If there is landscape fabric under the mulch now, then yes you can cut holes and plant your plants, but be aware that any holes in the fabric let the weeds up too.
Happy gardening in Hawaii. Gardens are where people grow.

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pinksand
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Re: Helping a friend with landscape fabric

So by the time I got to their house they'd already removed all the landscape fabric! We got everything planted and I think it is going to be beautiful!

We ended up with the following plants:

Aucuba Gold Dust (1)
Oakleaf Hydrangea 'Snow Queen' (1)
Hydrangea 'Annabelle' (1)
Mountain Laurel 'Sarah' (2)
Abelia 'Kaleidoscope' (3)
Coral Bells 'Palace Purple' (3)
Ostrich Ferns (3)
Hosta - Blue (3)
Hosta - Green with lighter green edges (3)
Astilbe (3)
Jacobs Ladder (3)
Perennial Salvia (3)
Geum (1)

The far right side of the garden gets full sun, fading to full shade on the left half where it also gets a bit boggy at the far edge (the ostrich ferns are planted in the moist zone). The soil wasn't too bad, although it was a bit compacted and is a heavier clay soil than what I'm used to working with at my house. The hostas and ferns will get quite large so right now there is a lot of empty space between plants to accommodate their full growing potential. The shrubs are all decent sizes already. The sunnier side of the garden has some extra space so I'm planning to divide some of my coral bells (a green variety with pink flowers) to contrast the 'Palace Purple.'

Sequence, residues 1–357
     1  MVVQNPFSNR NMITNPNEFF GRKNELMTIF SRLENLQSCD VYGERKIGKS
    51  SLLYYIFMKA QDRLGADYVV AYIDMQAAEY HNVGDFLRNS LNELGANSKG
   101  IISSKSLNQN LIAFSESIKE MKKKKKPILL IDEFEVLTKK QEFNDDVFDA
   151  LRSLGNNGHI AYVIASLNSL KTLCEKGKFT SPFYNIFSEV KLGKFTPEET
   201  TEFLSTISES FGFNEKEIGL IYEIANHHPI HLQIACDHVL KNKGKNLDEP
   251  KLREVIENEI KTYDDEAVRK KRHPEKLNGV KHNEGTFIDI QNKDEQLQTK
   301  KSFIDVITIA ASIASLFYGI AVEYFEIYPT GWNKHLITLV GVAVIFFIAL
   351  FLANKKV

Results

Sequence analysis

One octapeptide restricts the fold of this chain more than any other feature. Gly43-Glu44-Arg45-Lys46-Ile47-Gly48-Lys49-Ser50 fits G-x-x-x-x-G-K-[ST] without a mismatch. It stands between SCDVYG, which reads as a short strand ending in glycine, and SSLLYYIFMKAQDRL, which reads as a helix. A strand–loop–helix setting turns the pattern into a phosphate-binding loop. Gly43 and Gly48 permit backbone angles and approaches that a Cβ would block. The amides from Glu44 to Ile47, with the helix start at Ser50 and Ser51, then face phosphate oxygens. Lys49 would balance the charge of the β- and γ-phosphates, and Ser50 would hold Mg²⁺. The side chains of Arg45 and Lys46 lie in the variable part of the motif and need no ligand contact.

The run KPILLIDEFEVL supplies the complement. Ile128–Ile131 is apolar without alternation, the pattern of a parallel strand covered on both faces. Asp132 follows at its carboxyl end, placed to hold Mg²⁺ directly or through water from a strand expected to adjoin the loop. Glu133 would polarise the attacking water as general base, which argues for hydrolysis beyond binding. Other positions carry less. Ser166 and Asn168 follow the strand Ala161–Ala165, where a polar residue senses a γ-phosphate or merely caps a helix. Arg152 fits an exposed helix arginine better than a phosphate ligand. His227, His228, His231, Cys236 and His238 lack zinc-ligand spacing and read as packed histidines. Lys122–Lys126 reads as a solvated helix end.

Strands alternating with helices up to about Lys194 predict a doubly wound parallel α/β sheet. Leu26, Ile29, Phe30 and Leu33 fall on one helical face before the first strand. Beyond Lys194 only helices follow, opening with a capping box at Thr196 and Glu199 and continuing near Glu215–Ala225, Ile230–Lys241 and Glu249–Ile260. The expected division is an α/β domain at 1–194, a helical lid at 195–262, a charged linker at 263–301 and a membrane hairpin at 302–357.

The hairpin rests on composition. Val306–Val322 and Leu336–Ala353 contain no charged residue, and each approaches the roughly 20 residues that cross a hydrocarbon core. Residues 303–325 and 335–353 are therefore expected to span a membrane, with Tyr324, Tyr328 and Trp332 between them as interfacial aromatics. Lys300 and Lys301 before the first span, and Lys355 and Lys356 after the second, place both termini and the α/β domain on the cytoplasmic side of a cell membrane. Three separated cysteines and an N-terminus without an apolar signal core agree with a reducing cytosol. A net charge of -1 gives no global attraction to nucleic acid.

I told her to water deeply every other day in the morning. Since their soil is clay I figured every other day would be okay, does that sound about right?
USDA Zone 7a, Sunset Zone 32
"The earth laughs in flowers" -Ralph Waldo Emerson